Real Changes to Facebook's 'Real Name' Policy

Dec 18, 2015
Matt Cagle

Page Media

anonymous speech graphic

Facebook just announced concrete changes to its harmful “real name” policy. Following up on its promise to groups including the ACLU of California, the changes are meant to reduce risks such as abusive reporting and lockouts of users and their speech from the site.

These changes are a step in the right direction. Facebook acknowledged the importance of online speech that’s not necessarily tied to the name on your ID, or that comes from people such as Native Americans whose names Facebook was invalidating.

For years, the user name policy excluded everyone from transgender people whose names did not match their ID to survivors of domestic violence or whistleblowers reporting abuses of power who used pseudonyms for protection.

Plus, it effectively silenced Facebook’s most vulnerable users when people accused others of violating the policy. Last year, the #MyNameIs coalition brought attention to these problems. So did the ACLU and an international coalition in an October open letter. In response to our letter, Facebook finally pledged to make changes.

Facebook says it is changing two things. First, Facebook is going to require that people reporting supposedly fake names provide additional context about the people they are reporting. This is designed to address a problem we highlighted in our letter to Facebook: by allowing users to gang up in their efforts to report others, Facebook incentivizes abuse that silences unpopular users. By requiring more information from reporters, Facebook may be able to reduce these inaccurate reports and their harmful effects.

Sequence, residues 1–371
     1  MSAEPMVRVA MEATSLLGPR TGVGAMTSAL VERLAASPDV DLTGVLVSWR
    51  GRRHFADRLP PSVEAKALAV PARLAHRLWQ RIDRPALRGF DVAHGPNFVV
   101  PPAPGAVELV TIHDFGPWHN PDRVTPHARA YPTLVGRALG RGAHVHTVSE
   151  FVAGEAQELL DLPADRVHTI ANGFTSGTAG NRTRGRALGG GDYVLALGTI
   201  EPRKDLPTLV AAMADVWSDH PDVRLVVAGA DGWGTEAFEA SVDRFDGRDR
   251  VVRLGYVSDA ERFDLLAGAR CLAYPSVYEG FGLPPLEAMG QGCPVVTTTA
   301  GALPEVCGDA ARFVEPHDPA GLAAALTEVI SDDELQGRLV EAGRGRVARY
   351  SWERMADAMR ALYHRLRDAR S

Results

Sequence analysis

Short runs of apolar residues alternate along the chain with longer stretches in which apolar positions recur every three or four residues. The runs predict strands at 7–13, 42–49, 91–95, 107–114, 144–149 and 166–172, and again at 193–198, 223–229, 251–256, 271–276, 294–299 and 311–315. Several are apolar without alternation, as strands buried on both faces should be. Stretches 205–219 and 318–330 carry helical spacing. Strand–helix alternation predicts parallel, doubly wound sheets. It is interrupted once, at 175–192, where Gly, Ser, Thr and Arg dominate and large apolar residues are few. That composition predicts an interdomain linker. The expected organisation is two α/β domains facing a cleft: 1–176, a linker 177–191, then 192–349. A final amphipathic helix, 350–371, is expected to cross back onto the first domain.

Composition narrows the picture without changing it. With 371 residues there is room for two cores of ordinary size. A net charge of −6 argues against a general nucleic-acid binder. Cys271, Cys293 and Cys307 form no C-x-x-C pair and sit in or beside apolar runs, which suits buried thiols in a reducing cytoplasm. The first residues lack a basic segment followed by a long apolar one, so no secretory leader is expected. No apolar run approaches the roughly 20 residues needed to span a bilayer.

The second big change is that users whose accounts are challenged can provide more information about their circumstances. This change is designed to ensure that people can use a name not on an ID when that name reflects their actual identity or helps protect their privacy or personal safety.

However, the fact that Facebook could seek more information from users trying to protect their privacy is concerning. For one, as our coalition partner the Electronic Frontier Foundation points out, it could subject Facebook to government demands for information. We urge Facebook to limit retention of any information it collects and to continue to explore policies that do not require formal ID from users.

As Facebook revises its policy, it should take into account the many legitimate reasons for the names that people use on the service. Facebook has an obligation to create a space where all users can express themselves in their own voice. The ACLU and its coalition partners helped show how online services today need to be inclusive and free-speech-friendly. With these changes, Facebook finally showed that it’s getting the picture.

Matt Cagle is a technology and civil liberties attorney with the ACLU of Northern California.​